Former US National Security Advisor, Susan Rice, said of climate change as a national security threat: “We all know that where there is drought, where there is insecurity when there is poverty, hunger, poor governance, repressive policies, it may make the tinder in the box more readily ignitable.”

In an op-ed published in the New York Times in early June, Rice calls President Donald Trump’s withdrawal from the Paris Climate Agreement a, “coup de grâce for America’s postwar global leadership for the foreseeable future.” That decision fostered distrust among other nations who once relied on the US as a stabilizing force who took responsibility and a leadership role during times of crisis for allies and weaker countries abroad.

Currently, whenever a natural disaster plagues another nation, the world comes to its aid to help victims get back on their feet – rebuilding infrastructure and providing basics like food, water, and temporary shelter. Yet, if disasters become more and more frequent, aid agencies and governments may not have the will or financial ability to continuously assist in the efforts. Also, some disasters may make small island nations uninhabitable, creating thousands of refugees seeking permanent residence in countries that will accept them and help them to integrate. Yet, some in these societies may feel disinclined to help if their own economies are struggling, leading to even more conflict, distrust, and resentment towards refugees and governments.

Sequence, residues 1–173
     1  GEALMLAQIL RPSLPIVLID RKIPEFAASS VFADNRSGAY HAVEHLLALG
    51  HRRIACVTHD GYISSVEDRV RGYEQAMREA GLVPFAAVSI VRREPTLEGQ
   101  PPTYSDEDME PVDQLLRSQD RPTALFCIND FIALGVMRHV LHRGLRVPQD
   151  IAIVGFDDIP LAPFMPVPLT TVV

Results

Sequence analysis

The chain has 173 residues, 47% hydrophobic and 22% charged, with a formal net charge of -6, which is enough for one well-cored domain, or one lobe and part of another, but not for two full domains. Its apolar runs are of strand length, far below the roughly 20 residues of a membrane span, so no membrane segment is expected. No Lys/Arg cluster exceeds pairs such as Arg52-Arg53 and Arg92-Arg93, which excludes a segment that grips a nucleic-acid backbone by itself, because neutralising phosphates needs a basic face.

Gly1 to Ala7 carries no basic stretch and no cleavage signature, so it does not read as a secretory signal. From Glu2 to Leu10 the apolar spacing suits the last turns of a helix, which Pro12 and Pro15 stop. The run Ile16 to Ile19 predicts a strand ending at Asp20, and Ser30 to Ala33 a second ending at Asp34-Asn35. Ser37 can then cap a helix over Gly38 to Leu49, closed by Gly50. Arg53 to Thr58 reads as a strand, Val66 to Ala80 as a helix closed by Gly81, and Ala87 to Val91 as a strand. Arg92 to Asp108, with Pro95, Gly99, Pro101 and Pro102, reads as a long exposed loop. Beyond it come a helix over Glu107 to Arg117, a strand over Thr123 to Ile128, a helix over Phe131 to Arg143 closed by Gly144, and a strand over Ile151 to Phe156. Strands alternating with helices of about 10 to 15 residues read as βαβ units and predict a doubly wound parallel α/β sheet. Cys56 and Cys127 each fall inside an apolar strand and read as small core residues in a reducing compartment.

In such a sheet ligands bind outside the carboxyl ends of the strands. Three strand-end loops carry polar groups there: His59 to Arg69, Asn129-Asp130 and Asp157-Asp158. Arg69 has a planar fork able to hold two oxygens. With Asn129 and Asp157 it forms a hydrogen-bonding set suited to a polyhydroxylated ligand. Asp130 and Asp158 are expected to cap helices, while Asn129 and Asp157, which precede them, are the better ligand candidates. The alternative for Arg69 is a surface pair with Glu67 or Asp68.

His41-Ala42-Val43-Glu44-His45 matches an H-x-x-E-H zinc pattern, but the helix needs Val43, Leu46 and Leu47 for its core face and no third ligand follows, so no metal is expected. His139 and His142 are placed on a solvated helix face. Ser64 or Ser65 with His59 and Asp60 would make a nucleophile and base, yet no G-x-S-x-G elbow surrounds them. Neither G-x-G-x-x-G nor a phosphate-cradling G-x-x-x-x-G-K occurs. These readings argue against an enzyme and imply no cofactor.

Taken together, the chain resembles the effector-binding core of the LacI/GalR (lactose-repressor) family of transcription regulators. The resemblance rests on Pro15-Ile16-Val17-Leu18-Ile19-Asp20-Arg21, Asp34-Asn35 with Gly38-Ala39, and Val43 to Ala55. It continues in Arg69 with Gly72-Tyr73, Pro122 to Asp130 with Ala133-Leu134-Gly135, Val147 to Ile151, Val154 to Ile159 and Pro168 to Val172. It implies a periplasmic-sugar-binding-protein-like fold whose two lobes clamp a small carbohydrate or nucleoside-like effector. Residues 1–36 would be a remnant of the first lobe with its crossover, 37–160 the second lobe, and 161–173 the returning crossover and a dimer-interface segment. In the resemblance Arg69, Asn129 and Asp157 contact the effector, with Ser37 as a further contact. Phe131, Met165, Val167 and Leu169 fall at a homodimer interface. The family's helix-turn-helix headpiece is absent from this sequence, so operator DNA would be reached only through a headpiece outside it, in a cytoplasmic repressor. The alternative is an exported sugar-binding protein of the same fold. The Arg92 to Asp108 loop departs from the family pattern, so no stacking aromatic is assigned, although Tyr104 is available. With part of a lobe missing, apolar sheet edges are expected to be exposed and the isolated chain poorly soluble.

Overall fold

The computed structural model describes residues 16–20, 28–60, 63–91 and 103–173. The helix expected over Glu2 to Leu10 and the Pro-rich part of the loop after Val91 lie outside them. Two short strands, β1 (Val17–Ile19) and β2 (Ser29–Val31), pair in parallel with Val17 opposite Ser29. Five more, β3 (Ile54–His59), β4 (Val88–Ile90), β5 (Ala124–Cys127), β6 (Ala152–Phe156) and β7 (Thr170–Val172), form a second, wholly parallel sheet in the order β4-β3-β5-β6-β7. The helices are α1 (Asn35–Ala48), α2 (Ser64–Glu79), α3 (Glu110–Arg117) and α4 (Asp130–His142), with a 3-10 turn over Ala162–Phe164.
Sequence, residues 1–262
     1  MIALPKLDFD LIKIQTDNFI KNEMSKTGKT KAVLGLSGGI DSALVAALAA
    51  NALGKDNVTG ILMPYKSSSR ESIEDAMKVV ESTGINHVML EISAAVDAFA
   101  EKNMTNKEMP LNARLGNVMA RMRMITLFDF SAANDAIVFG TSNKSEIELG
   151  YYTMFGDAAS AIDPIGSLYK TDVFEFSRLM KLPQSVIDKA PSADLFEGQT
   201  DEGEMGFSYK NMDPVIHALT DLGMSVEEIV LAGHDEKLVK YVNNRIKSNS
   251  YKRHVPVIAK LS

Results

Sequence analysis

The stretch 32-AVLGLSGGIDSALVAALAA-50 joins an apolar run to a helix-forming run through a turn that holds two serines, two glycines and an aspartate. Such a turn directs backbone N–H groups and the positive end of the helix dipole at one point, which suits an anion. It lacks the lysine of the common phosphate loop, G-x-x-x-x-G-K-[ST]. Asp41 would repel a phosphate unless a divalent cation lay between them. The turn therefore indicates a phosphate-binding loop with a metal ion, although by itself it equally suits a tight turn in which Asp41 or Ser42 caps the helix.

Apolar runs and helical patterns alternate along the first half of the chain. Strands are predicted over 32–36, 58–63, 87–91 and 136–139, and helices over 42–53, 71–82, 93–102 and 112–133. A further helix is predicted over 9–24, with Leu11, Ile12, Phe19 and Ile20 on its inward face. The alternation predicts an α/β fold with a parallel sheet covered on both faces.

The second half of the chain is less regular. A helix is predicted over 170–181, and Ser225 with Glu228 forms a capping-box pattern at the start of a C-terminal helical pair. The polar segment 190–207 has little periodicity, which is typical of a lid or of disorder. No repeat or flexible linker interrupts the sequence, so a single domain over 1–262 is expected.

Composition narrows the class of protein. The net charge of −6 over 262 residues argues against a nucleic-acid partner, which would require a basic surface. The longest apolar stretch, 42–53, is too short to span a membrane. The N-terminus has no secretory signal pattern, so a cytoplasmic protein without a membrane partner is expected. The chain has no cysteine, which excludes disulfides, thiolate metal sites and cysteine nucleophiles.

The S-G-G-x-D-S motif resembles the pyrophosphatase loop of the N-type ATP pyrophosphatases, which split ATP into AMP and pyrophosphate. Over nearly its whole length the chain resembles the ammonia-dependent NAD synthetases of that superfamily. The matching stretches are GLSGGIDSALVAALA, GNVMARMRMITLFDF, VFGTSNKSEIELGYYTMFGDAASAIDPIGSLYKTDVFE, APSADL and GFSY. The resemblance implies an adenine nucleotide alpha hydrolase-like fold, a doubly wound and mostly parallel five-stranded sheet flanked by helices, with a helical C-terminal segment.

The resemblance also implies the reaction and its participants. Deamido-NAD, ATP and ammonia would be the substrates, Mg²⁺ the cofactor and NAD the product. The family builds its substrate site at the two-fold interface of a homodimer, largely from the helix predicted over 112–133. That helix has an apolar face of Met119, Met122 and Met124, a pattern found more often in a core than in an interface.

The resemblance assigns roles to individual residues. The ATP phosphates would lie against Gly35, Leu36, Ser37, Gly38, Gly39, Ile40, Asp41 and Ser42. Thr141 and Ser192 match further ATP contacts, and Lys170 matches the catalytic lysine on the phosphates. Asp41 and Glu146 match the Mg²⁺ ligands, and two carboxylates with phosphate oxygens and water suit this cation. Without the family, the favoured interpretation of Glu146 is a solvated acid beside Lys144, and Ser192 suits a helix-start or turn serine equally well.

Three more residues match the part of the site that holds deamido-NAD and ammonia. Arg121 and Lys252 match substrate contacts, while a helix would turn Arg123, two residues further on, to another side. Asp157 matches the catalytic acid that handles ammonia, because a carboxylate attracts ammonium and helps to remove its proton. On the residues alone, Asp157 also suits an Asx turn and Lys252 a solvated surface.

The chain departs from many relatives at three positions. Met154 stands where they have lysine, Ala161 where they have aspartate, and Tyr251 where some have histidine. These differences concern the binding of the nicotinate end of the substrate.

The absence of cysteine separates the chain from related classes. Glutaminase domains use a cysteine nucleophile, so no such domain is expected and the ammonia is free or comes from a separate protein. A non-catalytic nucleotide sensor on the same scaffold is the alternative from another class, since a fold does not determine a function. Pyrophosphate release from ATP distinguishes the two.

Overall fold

National security is a general term that has become so overused and all encompassing that it can be used as an excuse for any manner of preemptive action by a government. Threats affecting the globalised world are mounting, in the form of economic instability, terrorism, and fair resource distribution; and, though most leaders are seeking rational solutions, some threats may never completely be contained. Admitting this hard truth, however honest, could be political suicide, and pushes desperate voters towards more volatile leaders.

The push to grow the global economy now bumps up against nationalistic rhetoric in the face of threats that come to fruition. Climate change has no borders and is already disproportionately affecting the poor. The poor are usually less educated and become prime targets for extremists, who recruit for their sinister causes by citing the nationalistic policies of some countries seeking to keep out innocent victims of war and natural disaster.

If we are to mitigate the effects of climate change on all fronts and bolster national security, we must invest in cleaner energy technologies, incentivise a decrease in per capita and corporate energy consumption, and put value on each and every human life by accepting those in desperate situations and integrating them into our societies – not only for the sake of our humanitarian duties, but to prevent the worst of conflicts on the home front.

Sarah Sakeena Marshall, B.S. Environmental Science & Policy